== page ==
The air is clean. Books are being read. Kettlebells are worth more than gold. 

Even my communicatively-challenged family is coming together and having happy hour FaceTime calls every Friday! My dad has become the most positive member of the whole group telling us all to keep our heads up. We’ve been side-chatting about how fortunate our lives have been. We’ve never done anything but talk about the problems of the world in deep voices and call football players chickenshits on the TV. 

And I’ve got a gal with me. We left New York together before the city burned to the ground. Before we left, we picked a different neighborhood to walk to every night. We often covered 10 miles on foot and saw 3 or 4 people along the way. New York City empty! Little Italy quiet enough to hear birds. Brick roads in Soho without getting trampled. We took our time in a city that doesn’t allow that and saw it in a way that has never existed. 

“Should you just come to California with me?” 

We drive to the ocean now for sunsets. We follow all the rules set forth by the city and do our best not to push our luck as we feel we are running free in an untouched world. There are other people like us. We see them and we nod. I suppose we are the selfish ones. We are possibly The Asymptomatics. Our movements bring judgment and the old ladies on the neighborhood councils close their blinds and scoff as we walk by their oceanfront mansions. Maybe they would feel better if they saw our hand washing regimen?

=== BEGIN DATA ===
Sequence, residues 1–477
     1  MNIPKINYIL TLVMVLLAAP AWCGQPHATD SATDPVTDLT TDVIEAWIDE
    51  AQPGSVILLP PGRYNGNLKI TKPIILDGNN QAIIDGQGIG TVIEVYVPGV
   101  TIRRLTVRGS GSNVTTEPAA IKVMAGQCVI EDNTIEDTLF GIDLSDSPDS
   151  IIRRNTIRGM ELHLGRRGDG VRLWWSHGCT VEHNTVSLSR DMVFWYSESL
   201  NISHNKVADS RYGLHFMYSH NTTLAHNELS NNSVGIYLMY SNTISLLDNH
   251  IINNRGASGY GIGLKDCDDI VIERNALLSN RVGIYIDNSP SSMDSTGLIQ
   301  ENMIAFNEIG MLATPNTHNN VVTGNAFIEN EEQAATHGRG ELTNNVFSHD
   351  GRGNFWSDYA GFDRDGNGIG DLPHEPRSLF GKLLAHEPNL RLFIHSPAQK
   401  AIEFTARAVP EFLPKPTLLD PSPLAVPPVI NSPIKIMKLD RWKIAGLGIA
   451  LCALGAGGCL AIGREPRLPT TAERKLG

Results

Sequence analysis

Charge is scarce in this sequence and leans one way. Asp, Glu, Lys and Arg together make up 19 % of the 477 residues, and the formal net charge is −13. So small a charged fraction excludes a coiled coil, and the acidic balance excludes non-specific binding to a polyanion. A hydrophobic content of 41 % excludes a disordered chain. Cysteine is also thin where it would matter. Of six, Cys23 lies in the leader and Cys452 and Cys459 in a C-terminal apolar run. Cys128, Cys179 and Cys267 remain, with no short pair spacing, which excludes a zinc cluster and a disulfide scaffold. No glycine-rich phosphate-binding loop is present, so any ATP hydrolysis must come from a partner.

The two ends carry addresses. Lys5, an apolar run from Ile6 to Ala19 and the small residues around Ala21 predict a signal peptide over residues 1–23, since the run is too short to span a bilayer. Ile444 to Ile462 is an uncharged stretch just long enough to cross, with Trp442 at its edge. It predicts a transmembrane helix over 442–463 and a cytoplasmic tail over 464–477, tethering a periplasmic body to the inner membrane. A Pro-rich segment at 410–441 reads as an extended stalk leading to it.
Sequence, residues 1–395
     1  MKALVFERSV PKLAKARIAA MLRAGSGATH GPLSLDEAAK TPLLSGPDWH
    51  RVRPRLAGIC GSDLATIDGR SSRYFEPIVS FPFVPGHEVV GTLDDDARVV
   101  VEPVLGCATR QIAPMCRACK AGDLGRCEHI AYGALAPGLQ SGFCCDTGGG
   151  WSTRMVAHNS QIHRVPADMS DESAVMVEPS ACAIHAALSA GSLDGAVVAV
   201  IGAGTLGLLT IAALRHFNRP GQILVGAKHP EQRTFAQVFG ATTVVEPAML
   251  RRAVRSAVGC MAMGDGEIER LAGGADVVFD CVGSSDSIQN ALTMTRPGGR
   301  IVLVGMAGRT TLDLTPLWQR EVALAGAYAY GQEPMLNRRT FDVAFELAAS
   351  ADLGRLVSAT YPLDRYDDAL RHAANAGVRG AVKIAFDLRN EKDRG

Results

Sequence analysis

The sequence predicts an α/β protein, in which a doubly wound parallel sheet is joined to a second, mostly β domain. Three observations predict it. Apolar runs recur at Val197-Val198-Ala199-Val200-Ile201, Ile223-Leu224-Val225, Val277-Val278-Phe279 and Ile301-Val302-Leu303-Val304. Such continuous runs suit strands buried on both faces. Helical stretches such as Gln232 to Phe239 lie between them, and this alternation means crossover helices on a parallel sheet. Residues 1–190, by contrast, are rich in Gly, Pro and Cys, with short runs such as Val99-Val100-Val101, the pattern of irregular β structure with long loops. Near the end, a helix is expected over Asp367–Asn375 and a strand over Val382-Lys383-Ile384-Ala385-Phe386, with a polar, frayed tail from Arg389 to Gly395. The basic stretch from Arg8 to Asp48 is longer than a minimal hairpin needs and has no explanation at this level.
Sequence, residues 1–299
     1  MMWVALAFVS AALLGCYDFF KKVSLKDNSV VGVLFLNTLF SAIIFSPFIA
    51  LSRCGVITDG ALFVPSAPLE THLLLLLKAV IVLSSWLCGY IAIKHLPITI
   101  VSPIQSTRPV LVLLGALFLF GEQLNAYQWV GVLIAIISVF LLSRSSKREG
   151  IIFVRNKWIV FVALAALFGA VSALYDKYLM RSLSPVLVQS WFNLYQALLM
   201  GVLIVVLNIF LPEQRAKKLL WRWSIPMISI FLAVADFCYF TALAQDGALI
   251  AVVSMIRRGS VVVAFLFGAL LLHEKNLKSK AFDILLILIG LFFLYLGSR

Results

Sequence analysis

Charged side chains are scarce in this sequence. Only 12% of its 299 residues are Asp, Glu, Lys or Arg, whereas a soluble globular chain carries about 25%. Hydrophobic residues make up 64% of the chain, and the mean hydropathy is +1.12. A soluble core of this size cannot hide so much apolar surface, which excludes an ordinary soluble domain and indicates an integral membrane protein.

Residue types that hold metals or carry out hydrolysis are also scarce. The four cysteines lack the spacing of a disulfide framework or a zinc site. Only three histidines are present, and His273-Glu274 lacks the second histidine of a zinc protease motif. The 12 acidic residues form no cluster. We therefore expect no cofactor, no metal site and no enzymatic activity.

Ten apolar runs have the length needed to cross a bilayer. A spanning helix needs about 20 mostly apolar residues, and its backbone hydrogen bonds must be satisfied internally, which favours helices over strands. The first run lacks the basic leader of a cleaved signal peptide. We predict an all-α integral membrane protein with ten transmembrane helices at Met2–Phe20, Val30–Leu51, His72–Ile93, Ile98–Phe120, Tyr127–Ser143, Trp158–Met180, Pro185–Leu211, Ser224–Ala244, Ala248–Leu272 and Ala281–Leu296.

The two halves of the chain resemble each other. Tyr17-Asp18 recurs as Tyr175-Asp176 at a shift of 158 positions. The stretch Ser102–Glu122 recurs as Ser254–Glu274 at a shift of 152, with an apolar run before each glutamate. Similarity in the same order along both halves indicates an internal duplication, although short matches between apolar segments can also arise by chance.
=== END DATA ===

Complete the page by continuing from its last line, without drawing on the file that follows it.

Eventually this will pass. Things will open again. We will all be “allowed” to go back to work. It might be refreshing for some as this much free time is dangerous. But I will be devastated having finally found a world with just the right amount of people in it. I will drag my feet to sets and think about the new Coldplay song I won’t be learning that day as I capture content for consumer packaged goods brands that need us working so we can then afford to buy their products. 

What is so bad about socialism? 

Perhaps this will push the conversation forward a few years. It is telling to me that the only candidate for the Dem primary who was offering relief from the American Dream that has put us all in debt and on meds was defeated by a man who doesn’t really stand for anything and promises to offer more of the same – more of the same thing that has helped us reach this point of catastrophic loss. And not just lives. Not just the virus. The loss of ourselves. The fact that we can’t function without being told what to do. We have strayed so far from what drives our curiosity that we will lace up our Cole Haans, tie our ties, put on our blouses, slip on our heels, powder up our faces, slick back our hair, and return to giving our lives away for almost nothing in return. 

Perhaps all of this makes me incredibly selfish. I’m just tired of pretending I’m not having a great time. 

2 Replies to “People are dying. The world is falling apart. This is the best time of my life.”

    1. i hear ya. it does feel a little weird to say. but better to embrace it than let it pass us by without some enjoyment. thanks for reading.

Leave a Reply